Our first show with this enlarged band was at the Heatwave Festival outside Toronto. We were terrified. We were going to perform almost all new, unheard material with a completely new sound, though I think to be safe we started the set with some popular favorites played by the old four-piece band. The festival crowd was with us. Audiences love it when a performer walks the tightrope in front of them; like sports fans, they feel like their support is what keeps the team winning. It had the desired effect.
We were nervous, but ecstatic too, and the audience sensed that. In the end we might have been a little sloppy, but it worked. Backstage afterward we all jumped for joy. It was a totally new kind of performing for me. It was about surrender, ecstasy, and transcendence, and the live performance tended to really bring those qualities to the forefront.
I think audiences sometimes felt this too. With a smaller group there is tight musical and personal interaction, and the audience can still distinguish among the various personalities and individuals on stage. Everyone was both musically and visually part of the whole. The band became a more abstract entity, a community. And while individual band members might shine and take virtuosic turns, their identities became submerged within the group.proflantacen.tk
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It might seem paradoxical, but the more integral everyone was, the more everyone gave up some individuality and surrendered to the music. It was a living, breathing model of a more ideal society, an ephemeral utopia that everyone, even the audience, felt was being manifested in front of them, if only for a brief period. As I experienced it, this was not just a musical transformation, but also a psychic one. The nature of the music helped, but partly it was the very size of the band that allowed me, even as lead singer, to lose myself and experience a kind of ecstatic release.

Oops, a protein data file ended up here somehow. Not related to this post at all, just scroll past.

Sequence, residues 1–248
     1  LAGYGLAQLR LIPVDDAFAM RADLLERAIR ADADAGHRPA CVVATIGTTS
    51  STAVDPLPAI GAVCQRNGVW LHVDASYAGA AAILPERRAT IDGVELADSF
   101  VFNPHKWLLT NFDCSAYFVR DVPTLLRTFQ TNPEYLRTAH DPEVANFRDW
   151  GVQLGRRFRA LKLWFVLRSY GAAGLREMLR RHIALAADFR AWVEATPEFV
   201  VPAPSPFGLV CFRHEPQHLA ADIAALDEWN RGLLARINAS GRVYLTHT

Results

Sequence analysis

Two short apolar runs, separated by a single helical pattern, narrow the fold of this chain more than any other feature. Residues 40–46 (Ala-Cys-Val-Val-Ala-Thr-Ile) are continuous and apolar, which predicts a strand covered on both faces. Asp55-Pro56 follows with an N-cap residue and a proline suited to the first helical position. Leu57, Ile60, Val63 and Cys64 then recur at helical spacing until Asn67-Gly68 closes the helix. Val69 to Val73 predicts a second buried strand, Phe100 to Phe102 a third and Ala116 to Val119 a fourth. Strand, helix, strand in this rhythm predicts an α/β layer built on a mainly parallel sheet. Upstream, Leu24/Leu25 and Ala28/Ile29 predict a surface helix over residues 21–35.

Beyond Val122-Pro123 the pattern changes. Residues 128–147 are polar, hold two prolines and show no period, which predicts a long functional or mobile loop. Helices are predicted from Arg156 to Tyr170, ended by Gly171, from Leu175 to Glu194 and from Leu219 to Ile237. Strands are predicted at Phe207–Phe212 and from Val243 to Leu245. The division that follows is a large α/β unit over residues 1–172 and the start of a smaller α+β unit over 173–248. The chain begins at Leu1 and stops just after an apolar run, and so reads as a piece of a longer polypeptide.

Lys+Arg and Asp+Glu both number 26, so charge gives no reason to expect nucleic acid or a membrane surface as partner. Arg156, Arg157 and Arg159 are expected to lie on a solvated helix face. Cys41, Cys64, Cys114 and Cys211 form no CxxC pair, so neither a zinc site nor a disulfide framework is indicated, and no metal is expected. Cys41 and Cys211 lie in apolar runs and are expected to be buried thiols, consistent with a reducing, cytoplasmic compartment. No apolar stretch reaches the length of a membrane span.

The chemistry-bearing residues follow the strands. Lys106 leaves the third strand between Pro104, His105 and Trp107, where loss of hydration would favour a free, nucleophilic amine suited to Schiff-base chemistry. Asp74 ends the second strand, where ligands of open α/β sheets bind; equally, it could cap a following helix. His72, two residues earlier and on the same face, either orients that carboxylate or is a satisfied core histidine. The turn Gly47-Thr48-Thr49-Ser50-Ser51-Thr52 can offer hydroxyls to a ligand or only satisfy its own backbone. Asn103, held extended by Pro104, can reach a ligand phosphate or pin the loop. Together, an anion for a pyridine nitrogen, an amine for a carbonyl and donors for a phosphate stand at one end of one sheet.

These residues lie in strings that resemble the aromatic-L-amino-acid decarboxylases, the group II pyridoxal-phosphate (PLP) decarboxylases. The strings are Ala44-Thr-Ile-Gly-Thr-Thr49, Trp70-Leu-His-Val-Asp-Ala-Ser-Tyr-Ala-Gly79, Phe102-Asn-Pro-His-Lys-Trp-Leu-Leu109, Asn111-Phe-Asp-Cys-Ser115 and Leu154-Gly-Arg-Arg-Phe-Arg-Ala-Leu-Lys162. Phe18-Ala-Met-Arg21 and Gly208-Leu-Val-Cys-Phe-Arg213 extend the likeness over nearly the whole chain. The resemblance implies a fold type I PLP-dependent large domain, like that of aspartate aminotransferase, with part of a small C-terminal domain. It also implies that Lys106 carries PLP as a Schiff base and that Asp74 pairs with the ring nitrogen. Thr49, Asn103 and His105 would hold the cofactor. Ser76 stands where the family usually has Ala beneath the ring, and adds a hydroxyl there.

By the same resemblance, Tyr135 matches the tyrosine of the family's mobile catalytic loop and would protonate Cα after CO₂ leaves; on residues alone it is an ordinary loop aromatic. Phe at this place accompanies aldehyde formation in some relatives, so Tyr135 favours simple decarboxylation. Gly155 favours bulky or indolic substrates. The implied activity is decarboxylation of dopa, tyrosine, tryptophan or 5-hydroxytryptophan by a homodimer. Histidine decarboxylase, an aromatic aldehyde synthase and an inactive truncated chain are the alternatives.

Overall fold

You can sometimes feel transported with a smaller group, but with a large band it is often the norm. It was joyous and at times powerfully spiritual, without being corny or religious in any kind of traditional or dogmatic way. You can imagine how seductive this could be. Its kinship with other more prescribed forms was obvious— the Gospel church, ecstatic trance in many parts of the world, and of course other kinds of pop music that derived from similar sources.
Interesting also that we were bringing together classic funk musicians like Bernie and white art- rock kids like ourselves. We used our own arty taste to introduce weirdly mutated aspects of black American music to rock audiences—a curious combo. There was little mixing of the two in clubs or on stage. Radio in the United States had more or less the same reaction. They said it was too funky; not really rock.